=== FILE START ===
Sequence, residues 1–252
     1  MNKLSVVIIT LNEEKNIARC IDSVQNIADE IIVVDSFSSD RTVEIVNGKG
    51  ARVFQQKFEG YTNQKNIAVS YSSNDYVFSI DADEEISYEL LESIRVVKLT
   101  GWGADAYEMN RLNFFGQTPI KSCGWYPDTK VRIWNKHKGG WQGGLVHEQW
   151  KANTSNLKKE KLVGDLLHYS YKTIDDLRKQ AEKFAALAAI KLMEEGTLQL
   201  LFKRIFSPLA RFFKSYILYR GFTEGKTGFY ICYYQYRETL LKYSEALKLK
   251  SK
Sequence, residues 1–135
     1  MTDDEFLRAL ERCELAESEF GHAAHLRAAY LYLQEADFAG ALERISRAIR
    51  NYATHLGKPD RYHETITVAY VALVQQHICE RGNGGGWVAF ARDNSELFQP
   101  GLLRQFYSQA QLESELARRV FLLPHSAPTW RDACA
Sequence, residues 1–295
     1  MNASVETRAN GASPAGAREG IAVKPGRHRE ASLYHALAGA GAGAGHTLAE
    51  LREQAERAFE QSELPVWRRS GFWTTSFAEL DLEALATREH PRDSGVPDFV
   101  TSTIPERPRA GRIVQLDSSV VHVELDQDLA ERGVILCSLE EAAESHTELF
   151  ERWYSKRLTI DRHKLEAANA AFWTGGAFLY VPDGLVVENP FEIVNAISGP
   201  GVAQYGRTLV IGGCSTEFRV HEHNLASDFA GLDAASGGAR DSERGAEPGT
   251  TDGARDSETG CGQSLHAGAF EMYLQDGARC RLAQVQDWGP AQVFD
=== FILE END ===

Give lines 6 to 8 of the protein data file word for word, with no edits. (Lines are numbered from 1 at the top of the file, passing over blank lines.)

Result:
   201  LFKRIFSPLA RFFKSYILYR GFTEGKTGFY ICYYQYRETL LKYSEALKLK
   251  SK
Sequence, residues 1–135